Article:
Jesus the “Prize-fighter”?

I know some who read my blog don’t care for pastor-scholar Greg Boyd (who I don’t always agree with though I’d like to meet some time) – but he has a recent post confronting Mark Driscoll’s view of Jesus as a violent (and I imagine UFC type) “prize fighter.”  Boyd notes Discoll’s comments were from “a few years ago” so I don’t know if Driscoll has changed his perspective (probably not?) but he is quoted as having stated the following:

“In Revelation, Jesus is a prize-fighter with a tattoo down His leg, a sword in His hand and the commitment to make someone bleed. That is the guy I can worship. I cannot worship the hippie, diaper, halo Christ because I cannot worship a guy I can beat up.” (You can find the original interview here). 

Well, now.  So Jesus is the lead fighter for the UFC franchise?  🙂  Along with Boyd, I am not surprised Driscoll has this perception of our Lord Jesus Christ – Driscoll wants to be a man’s man an seems to consistently present the need for men to be tough guys wild at heart who go out to conquer life (and a spouse) and get good jobs and have lots of kids, and consistently puts down other images of how Jesus might be portrayed and puts down men who do not or may not be able to live up to his standards of manhood. 

Frankly, this perception of Jesus by Driscoll it is a blantant text book case of imposing, if not transposing, one’s own personal  theology and cultural ideology on to the biblical text.  I cannot say that Boyd is not doing the same with is own pacafism but I find what Boyd is presenting significantly closer to the biblical presentation of Jesus than what Driscoll puts forth.  This isn’t to say that Driscoll isn’t a good pastor or Bible teacher or anything like that.  I just happen to think how he presents it is going the wrong direction.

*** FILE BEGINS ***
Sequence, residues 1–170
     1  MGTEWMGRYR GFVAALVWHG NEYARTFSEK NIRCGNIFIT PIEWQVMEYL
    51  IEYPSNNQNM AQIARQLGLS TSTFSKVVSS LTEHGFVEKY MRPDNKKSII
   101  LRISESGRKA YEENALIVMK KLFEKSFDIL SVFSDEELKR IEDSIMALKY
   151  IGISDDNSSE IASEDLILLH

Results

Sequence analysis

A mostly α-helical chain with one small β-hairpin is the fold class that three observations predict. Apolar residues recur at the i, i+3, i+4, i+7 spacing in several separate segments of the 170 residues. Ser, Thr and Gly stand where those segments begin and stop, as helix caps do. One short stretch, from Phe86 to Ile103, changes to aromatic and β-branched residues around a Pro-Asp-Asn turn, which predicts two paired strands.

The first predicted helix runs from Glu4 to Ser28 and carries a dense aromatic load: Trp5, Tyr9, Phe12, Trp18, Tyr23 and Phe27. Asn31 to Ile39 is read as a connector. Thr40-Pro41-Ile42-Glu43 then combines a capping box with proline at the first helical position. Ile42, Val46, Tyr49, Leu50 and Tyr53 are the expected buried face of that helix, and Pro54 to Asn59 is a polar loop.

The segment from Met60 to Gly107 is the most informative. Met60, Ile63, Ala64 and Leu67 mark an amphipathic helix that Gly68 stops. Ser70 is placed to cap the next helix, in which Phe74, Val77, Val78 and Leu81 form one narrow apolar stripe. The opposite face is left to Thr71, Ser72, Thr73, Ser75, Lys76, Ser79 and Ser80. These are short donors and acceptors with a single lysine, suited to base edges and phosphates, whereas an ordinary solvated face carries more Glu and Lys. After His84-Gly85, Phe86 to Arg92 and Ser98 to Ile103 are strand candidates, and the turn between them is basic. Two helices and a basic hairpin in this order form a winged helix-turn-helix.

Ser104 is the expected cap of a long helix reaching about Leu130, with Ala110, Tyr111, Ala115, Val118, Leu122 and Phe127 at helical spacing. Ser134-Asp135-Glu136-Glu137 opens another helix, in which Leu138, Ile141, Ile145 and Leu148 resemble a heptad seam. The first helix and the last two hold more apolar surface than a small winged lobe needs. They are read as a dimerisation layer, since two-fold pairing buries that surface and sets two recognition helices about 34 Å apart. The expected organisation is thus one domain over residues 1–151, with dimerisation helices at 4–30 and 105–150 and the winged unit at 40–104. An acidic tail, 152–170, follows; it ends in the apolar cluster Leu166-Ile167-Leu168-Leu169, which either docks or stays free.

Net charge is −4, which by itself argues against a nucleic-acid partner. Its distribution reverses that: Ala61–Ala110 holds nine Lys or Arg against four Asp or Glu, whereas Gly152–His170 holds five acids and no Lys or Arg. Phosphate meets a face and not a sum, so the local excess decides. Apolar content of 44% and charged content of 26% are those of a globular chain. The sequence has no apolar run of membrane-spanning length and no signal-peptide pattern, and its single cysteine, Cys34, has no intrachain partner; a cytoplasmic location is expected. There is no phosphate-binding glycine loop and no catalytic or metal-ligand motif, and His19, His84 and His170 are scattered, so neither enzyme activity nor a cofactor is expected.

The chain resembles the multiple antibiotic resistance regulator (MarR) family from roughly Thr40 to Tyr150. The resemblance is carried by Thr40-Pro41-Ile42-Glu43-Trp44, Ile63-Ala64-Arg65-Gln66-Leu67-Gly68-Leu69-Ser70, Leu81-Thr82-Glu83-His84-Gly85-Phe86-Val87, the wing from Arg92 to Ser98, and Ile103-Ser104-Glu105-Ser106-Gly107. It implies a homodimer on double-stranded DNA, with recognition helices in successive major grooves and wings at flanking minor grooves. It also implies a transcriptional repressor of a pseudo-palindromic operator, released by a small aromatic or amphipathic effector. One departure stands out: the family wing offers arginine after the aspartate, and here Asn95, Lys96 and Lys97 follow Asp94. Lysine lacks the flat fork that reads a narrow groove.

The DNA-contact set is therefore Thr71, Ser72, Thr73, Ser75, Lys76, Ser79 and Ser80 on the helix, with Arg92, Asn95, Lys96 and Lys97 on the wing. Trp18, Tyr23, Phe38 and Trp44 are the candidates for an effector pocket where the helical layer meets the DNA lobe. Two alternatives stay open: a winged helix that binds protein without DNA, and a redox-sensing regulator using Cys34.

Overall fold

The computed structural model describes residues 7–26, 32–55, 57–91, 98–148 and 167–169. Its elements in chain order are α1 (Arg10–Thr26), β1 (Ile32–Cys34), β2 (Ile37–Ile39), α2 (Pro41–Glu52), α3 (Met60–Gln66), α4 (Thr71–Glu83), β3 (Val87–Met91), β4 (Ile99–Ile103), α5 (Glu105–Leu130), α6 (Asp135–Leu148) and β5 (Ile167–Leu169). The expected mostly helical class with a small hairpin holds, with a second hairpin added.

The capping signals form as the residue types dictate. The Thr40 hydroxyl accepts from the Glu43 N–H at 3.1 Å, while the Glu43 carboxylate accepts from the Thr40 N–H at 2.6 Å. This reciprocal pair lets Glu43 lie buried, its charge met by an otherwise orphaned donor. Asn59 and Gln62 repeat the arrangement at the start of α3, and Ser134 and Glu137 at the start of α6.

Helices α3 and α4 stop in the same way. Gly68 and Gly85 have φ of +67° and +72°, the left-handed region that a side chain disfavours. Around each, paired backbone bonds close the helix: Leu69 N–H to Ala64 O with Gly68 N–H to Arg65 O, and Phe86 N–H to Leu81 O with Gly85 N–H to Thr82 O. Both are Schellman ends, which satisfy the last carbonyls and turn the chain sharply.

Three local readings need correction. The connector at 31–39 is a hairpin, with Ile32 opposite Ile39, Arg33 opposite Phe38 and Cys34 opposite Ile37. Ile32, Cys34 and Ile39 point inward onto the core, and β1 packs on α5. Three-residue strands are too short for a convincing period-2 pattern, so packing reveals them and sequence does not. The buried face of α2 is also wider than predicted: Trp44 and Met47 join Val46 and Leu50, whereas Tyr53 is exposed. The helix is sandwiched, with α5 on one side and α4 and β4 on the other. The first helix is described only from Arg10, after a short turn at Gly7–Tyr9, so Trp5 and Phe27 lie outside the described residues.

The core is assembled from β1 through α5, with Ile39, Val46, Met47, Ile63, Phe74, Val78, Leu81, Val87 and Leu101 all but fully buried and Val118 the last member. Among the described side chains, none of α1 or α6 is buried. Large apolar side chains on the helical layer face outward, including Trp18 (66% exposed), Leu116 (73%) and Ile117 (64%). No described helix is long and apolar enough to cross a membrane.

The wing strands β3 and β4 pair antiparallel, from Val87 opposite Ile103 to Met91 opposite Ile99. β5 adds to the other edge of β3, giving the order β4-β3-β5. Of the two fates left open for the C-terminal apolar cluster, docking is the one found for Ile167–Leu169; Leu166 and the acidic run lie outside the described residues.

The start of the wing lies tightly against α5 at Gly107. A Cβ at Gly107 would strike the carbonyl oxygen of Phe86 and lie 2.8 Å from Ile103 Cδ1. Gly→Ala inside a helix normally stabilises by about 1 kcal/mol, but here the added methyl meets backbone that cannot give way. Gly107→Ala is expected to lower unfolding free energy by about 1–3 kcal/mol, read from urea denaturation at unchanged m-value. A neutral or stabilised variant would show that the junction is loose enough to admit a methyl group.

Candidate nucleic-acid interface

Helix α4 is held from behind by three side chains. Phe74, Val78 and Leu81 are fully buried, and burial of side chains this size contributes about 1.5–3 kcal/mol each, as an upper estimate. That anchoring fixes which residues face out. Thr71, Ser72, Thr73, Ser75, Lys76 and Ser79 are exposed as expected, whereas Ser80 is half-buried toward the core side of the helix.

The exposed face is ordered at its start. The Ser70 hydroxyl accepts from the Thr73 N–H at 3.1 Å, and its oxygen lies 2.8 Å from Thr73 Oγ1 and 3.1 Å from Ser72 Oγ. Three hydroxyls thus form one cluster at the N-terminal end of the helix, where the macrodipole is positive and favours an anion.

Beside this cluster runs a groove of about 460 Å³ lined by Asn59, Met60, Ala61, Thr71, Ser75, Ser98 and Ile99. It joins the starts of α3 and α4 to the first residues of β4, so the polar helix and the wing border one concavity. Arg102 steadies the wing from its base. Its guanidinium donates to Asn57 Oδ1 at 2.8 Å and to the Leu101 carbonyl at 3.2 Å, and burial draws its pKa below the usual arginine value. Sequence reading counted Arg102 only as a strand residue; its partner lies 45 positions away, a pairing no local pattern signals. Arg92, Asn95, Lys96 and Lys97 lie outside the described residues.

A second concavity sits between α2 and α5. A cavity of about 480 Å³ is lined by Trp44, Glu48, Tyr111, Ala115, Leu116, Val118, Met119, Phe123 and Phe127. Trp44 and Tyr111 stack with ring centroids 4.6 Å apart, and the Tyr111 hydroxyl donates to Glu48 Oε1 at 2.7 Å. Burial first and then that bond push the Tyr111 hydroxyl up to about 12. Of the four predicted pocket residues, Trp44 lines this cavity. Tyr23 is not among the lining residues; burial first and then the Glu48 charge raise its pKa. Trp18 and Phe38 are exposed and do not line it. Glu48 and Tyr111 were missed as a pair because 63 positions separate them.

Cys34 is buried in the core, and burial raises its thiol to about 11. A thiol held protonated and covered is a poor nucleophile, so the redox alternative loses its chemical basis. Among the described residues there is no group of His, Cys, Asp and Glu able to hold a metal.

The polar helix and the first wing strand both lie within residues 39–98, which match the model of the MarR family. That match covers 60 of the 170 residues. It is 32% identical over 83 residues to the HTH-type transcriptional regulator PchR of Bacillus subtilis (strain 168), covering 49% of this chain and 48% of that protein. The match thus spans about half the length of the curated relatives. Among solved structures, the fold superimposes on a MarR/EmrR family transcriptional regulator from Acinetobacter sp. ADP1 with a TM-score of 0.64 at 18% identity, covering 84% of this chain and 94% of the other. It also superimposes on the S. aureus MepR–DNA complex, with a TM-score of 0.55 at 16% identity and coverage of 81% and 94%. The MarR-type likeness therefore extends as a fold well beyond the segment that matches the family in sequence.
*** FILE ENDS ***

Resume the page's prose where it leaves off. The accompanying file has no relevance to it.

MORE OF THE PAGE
Pastor Boyd writes:

I frankly have trouble understanding how a follower of Jesus could find himself unable to worship a guy he could “beat up” when he already crucified him. I also fail to see what is so worshipful about someone carrying a sword with “a commitment make someone bleed.”  But this aside, I’m not at all surprised Driscoll believes the book of Revelation portrays Jesus as a “prize fighter.”  This violent picture of Jesus, rooted in a literalistic interpretation of Revelation, is very common among conservative Christians, made especially popular by the remarkably violent Left Behind series…..

The most unfortunate aspect of this misreading, as Driscoll’s comment graphically reveals, is that the “prize fighter” portrait of Jesus easily subverts the Jesus of the Gospels who out of love chooses to die for enemies rather than use his power against them and who commands his followers to do the same (see e.g. Mt 5:43-45; Lk 6:27-36)…..

The more significant point Boyd makes that I wanted to highlight here is this one (the bold is my emphasis of the important point being made:

At any rate, if we interpret Revelation according to its genre and in its original historical context, and if we pay close attention to the ingenious way John uses traditional symbolism, it becomes clear that John is taking traditional Old Testament and Apocalyptic violent imagery and turning it on its head.  Yes, there is an aggressive war, and yes there is bloodshed. But its a war in which the Lamb and his followers are victorious because they fight the devil and Babylon (representing all  governmental systems) by faithfully laying down their lives for the sake of truth (”the blood of the lamb and the word of their testimony”), not by being “prize fighters” with “a commitment to make someone bleed.”

That’s the whole thing about following Jesus isn’t it?   He takes so many things in our world and in our lives and turns them up side down – up is down, down is up, leading is serving; instead of hating show love; instead of holding grudges, forgive; instead of agression, submit and so on.  A life of discipleship to Jesus is downward path not an upward one – it is a life of serving others and sacrificial living not asserting the self and so on. 

Well, the post is a good read and has a good list of books on the Revelation to add to your Amazon wish list for future reference!

HT: Dave Black

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